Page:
Brace for impact. Well, maybe not impact, but phone calls and emails to be sure. Google announced that in July 2018 they will be flagging all non-HTTPS sites as insecure, which means your patrons are going to get a warning whenever they try to access your site. And for roughly 90% of public U.S. libraries, this is going to be the case. That’s right, according to my latest statistics only 1620 out of 16221 public libraries in the U.S. use HTTPS for their websites (catalogs are a beast of a different color). U.S. libraries are trailing tremendously on the national average, and for a group that lauds themselves as bastions of privacy, we need to do better. For instance, the graphics below show the average for Alexa’s list of most popular websites [Fig. 1]. I use SSLLabs reports both to look at trends and run audits, you can do so yourself at SSLLabs.com. There you can audit your server, browser, or use Pulse to check out current trends and see how we’re stacking up.
Another great source of information is Let’s Encrypt’s Stat page [Fig. 2] which gives clear and accurate trend information, not just for the U.S. but globally. There has been a massive uptick in certs since Janurary of last year, with the U.S. going from about 50% to close to 80%! And this is compared to U.S. libraries hovering under 10%. There is no clear reason why this is, and it’s something easily remedied. I’m hoping this post and upcoming articles and webinars will help boost those numbers. The bulk of my information on https protocols in U.S. public libraries comes from librarytechnology.org, so please, go there and check out your library. If your information is not accurate, please let me know so we can update it and get a better reflection!
The question is, why now? Why is Google pushing this now? Well, Roger Montti lays it out fantastically in his article Google Engineer Lists 4 Powerful Reasons Why Sites Should Upgrade to HTTPS, but to summarize, he lists four main reasons:
- HTTPS is Not Just About Google – this standard aims to benefit everyone, and it’s not Google that started it, but their push, since they are a massive company has brought it more to the forefront, but groups have been pushing it since 1994 when Netscape start creating the SSL protocol (they are now the Mozilla Foundation).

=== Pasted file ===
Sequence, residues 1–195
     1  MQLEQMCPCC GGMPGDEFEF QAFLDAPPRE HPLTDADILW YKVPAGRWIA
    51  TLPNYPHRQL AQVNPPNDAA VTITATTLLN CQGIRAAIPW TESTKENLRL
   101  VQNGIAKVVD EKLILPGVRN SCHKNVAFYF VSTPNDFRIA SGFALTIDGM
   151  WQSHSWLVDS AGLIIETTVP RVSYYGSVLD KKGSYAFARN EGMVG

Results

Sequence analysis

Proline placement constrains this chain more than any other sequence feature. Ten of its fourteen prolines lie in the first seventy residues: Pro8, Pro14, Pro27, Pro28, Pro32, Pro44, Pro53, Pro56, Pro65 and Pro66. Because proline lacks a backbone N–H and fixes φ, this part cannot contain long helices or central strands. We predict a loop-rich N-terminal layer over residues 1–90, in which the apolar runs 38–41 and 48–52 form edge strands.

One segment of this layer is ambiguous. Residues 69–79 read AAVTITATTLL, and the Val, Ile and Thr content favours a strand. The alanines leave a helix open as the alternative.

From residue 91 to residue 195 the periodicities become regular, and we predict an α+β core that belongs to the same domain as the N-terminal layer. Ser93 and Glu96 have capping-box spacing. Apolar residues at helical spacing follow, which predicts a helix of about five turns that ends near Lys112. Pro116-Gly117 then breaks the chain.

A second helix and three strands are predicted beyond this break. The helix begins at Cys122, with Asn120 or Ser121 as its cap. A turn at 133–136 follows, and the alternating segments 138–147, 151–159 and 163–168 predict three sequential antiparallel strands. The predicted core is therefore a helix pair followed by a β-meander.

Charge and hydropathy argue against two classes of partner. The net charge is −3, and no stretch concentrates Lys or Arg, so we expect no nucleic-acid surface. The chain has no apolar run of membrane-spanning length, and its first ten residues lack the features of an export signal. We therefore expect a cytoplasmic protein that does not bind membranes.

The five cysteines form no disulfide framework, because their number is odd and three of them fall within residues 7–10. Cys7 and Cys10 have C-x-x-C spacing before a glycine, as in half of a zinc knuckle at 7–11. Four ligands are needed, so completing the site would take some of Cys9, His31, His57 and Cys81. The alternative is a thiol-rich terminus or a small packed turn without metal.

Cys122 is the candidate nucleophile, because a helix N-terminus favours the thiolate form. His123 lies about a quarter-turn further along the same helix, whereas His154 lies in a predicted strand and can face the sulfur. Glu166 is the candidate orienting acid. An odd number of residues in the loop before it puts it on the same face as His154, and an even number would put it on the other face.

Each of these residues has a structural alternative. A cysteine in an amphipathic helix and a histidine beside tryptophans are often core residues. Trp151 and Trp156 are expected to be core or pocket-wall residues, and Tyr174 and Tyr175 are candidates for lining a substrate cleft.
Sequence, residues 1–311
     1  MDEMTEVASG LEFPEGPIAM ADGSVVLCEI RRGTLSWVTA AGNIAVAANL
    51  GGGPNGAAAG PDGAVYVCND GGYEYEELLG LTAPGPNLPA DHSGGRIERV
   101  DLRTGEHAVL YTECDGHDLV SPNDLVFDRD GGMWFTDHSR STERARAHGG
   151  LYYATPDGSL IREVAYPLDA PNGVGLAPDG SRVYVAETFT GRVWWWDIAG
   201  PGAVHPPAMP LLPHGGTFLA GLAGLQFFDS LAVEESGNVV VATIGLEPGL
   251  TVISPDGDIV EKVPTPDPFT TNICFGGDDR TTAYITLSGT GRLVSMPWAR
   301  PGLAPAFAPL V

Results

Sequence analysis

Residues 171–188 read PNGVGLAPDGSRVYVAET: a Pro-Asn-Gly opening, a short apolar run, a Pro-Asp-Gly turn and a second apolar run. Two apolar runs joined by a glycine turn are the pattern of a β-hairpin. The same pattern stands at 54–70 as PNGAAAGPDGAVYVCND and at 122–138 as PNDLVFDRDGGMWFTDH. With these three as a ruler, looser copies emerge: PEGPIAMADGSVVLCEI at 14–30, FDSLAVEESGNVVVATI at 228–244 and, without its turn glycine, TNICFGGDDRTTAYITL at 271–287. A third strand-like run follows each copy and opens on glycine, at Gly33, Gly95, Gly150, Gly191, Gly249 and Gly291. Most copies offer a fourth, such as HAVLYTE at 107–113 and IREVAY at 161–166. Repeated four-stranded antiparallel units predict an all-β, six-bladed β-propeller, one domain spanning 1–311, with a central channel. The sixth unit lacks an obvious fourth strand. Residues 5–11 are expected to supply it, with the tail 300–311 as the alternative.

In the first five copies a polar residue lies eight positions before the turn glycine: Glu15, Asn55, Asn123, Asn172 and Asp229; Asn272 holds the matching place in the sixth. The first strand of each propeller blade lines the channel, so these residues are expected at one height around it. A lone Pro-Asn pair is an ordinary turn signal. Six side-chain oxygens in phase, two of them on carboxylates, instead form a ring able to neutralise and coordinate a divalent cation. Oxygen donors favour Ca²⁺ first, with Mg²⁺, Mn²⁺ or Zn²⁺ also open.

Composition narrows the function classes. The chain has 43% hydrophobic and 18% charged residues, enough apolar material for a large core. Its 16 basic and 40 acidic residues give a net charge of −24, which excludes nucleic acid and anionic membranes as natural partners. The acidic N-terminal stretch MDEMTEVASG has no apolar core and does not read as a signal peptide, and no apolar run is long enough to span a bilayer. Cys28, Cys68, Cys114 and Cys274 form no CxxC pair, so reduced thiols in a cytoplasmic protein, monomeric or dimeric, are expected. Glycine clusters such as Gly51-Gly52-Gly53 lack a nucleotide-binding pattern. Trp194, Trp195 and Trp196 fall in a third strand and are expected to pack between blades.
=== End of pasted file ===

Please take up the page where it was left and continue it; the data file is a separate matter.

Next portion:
- HTTPS Enables a Trouble Free Internet – I want to be clear, it enables, but in no way guarantees a trouble free internet, but it does help. A lot. This standard lays a foundation that even better security can be built on.
- HTTPS Enables Browser Service Workers – as more and more apps are developed we rely more on API’s to help keep the internet moving, and this needs explicitly safe protocols. With more information being transmitted, these protocols are essential.
- The Internet Should Be Safe – This may seem intuitive, but it’s a foundational principle to the internet. You should feel safe and secure when you use the internet, and HTTPS goes a long way to both help secure the internet and build the public trust.
So, if you don’t want your staff spending all their time assuring patrons that your site is secure (and if you’re not using HTTPS, you’ll be lying to them), now is the time to make the switch. And honestly, it’s pretty easy. If your site is hosted by your state library, contact them immediately and ask them to enable HTTPS for your site! There might be some hiccups with what we called mixed media, which are URL’s that point to unsecure sites that are embedded on your page, but that’s far better than sending everything as clear text! If you’re hosting your own site, it’s a little trickier than just picking up the phone, but not that much more difficult. I cannot recommend enough the good people at Let’s Encrypt and the amazing work they do. Most hosting sites make it easy (and almost all are free) to enable HTTPS for your site. I personally use Heroku for a lot of light-weight and quick-deploy sites and it’s just the click of a button to do it. If you’re hosting in-house let your I.T. staff know they need to get on this immediately.
Implementing an SSL certificate isn’t difficult and I can recommend Mike Robinson’s posts on implementing certs on Library OPACs and API Servers, which can be found here and here. I understand that this can be quite daunting, especially if you haven’t done something like this before, but there are organizations and walkthroughs that can get even those most novice of web admins going quickly and easily.
Most libraries don’t seem to be hosting their own sites, which adds an additional layer of difficulty (or ease depending on who’s hosting it). For instance, if your township administrates your site, they will most likely be adding a certificate, just make sure they add one for the library domain! They’ll most likely want to keep the township sites information secure, especially if they solicit questions from the community. If you’re hosted, and paid a vendor to create your site you should contact them and let them know you want an SSL certificate added to your domain. If you do it in house, but aren’t confident in your ability to add it yourself, Let’s Encrypt is a valuable tool I cannot recommend highly enough.
This post isn’t meant to be alarmist, but forewarned is forearmed, and I’m not going to delve into the details on how to deploy it, but I’m always happy to chat and give you a hand if you want. You can find me on Twitter @paraVestibulum or email me: firstname.lastname@example.org